send the customized environment to the online client application executing on the first client station of the first client for rendering on the client display;

receive interaction data from the online client application of the first client station, the interaction data having interactions specific to a customizable element of the customized environment;

translate the interaction data separately for each of the plurality of client stations based on a particular customization of the customizable element by each of the other of the plurality of clients; and

send separately translated interaction data to each corresponding of the other of the plurality of client stations for rendering on the client display.

VI. In the statement of grounds of appeal, the appellant argued as follows:

The invention solved the technical problem of how to reconcile shared network environments with users' desire to have personal customisation.

The use of a piece of information in a technical system, or its usability for that purpose, could confer a technical character on the information itself, in that it reflected the properties of the technical system. When used in or processed by the technical system, such information could be part of a technical solution to a technical problem and thus form the basis of a technical contribution of the invention to the prior art (T 1177/97 - Translating natural languages/SYSTRAN). The customised elements and the translated interaction data in claim 1 were used in a shared social environment for the purpose of giving a customised experience for each individual using customised individual personalisation. Therefore, those features had technical character.

In decision T 769/92 - General purpose management system/SOHEI, the Board concluded that the fact that technical considerations were required in order to arrive at the invention was considered to lend sufficient technical character to the invention. Since the present invention involved technical considerations of a shared social environment, it had technical character.

VII. The Board's communication under Article 15(1) RPBA included a preliminary opinion on inventive step. The Board tended to agree with the examining division that the translation of "interaction data" in claim 1 was not technical and did not contribute to inventive step. Thus, the subject-matter of claim 1 would have been obvious starting from a standard Windows environment, or a standard shared environment as described in the application.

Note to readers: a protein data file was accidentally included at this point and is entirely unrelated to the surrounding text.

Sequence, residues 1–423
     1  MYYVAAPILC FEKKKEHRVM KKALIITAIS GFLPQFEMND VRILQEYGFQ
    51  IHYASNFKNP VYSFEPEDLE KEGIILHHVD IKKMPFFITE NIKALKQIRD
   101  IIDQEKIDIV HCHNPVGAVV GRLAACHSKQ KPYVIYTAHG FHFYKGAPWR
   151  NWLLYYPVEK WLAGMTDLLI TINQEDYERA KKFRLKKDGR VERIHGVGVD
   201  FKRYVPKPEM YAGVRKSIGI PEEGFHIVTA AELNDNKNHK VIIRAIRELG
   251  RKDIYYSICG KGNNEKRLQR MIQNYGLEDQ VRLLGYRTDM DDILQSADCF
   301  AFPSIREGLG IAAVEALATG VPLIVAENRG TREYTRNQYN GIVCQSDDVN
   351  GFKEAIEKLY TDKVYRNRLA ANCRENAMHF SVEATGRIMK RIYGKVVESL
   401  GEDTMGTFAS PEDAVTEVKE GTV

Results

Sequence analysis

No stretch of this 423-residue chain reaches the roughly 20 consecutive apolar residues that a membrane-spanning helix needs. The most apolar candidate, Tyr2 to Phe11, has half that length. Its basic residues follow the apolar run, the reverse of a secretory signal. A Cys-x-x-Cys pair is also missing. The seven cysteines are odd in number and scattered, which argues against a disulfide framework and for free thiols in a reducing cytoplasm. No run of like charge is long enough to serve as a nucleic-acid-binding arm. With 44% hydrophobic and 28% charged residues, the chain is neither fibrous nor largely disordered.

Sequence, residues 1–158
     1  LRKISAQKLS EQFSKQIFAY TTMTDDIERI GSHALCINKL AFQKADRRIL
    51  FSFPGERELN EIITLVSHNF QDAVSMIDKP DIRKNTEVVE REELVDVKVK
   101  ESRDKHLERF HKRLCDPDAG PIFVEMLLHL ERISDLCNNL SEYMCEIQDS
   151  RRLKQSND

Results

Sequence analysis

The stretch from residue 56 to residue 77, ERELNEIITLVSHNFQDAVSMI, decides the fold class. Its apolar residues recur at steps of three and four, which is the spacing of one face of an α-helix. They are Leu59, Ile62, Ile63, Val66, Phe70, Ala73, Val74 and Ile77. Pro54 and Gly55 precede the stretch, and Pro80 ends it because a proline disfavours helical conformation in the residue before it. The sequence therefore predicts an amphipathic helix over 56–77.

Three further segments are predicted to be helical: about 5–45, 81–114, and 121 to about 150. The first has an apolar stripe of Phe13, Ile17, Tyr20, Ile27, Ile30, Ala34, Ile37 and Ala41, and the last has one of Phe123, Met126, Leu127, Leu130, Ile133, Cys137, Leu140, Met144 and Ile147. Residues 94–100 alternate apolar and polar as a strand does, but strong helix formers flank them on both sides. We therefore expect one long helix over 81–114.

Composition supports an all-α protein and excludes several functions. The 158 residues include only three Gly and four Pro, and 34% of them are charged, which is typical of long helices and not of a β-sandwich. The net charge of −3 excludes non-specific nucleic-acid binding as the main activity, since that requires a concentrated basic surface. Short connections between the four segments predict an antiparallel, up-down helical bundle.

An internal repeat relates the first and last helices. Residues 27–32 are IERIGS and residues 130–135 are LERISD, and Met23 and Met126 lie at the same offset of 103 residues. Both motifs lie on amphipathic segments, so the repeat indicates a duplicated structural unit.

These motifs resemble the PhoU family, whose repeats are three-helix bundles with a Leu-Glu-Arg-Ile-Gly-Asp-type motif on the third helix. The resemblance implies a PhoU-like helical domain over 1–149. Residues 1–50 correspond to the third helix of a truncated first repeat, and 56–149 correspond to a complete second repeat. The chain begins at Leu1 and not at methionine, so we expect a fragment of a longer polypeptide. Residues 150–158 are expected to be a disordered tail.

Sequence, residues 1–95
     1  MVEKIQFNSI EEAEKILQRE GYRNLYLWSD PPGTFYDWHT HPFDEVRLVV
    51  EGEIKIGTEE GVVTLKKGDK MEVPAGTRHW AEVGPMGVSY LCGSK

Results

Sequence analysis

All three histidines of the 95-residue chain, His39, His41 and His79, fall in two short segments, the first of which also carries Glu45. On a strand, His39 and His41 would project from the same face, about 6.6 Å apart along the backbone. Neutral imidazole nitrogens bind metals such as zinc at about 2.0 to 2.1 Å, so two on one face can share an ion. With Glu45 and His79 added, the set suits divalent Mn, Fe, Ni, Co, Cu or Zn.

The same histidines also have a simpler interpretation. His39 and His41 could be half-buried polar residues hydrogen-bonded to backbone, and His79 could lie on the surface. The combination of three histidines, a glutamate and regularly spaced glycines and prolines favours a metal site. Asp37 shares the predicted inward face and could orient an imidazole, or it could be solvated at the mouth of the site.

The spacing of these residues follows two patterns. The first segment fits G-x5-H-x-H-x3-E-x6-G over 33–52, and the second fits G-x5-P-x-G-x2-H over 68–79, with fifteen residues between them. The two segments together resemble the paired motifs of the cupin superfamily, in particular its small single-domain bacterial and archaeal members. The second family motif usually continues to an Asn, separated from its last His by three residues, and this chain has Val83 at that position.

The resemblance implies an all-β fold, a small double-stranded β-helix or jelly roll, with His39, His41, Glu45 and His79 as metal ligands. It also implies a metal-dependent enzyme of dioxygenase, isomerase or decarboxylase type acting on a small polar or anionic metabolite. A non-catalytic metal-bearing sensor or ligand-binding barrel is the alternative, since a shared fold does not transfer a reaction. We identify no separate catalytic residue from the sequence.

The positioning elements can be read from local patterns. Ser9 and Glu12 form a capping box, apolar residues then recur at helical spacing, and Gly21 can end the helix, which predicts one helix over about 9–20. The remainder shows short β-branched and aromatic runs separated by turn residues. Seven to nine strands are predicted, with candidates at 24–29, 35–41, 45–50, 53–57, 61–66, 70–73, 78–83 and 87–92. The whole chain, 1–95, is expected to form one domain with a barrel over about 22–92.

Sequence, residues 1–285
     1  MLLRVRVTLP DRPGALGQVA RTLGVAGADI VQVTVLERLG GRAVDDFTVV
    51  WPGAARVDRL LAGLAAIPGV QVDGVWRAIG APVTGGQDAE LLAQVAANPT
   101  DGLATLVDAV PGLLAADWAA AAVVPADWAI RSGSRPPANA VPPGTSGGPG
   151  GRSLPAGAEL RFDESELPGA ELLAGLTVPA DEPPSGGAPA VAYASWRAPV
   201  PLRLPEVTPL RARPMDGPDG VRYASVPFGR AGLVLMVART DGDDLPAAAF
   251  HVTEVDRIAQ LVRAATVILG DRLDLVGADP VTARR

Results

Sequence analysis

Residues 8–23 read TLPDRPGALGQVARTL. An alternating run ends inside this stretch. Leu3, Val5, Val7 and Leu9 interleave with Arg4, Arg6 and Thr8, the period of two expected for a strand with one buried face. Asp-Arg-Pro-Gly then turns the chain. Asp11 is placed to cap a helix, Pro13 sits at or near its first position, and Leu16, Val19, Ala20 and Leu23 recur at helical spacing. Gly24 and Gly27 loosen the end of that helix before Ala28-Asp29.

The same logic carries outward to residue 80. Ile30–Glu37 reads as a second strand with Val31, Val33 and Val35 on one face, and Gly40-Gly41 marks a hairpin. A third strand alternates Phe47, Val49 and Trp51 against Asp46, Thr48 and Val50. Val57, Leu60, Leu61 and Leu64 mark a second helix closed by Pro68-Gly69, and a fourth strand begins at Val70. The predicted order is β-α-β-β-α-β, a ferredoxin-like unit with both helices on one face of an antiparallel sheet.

VIII. The appellant did not submit any further arguments in reply to the Board's communication. Instead, it informed the Board that it would not attend the oral proceedings.

IX. The Board informed the appellant that it interpreted the appellant's statement of intention not to attend the oral proceedings as a withdrawal of the request for oral proceedings, and that the oral proceedings were cancelled as a result.

Reasons for the Decision

1. Background

1.1 The invention concerns an online shared environment, for example a virtual world or a computer game. A plurality of users interact in this environment, for example in a chat.

1.2 Figure 2 shows an example of a shared environment (217). There is a room with a flower painting, a clock, and an animal (a cat). Users A, B, and C, are present in the room and can chat with each other.

1.3 The invention allows the users to customise the shared environment (257a, b and c) according to their individual preferences (223a, b, and c). User A likes cats and wants to see a cat. User B, on the other hand, prefers dogs, and user C wants to see a big fish in an aquarium. A problem arises when users A, B, and C interact with each other in relation to a customised element. For example, user B might write to user A "Isn't that a cute dog?!". However, user A who sees a cat will not know what user B is talking about.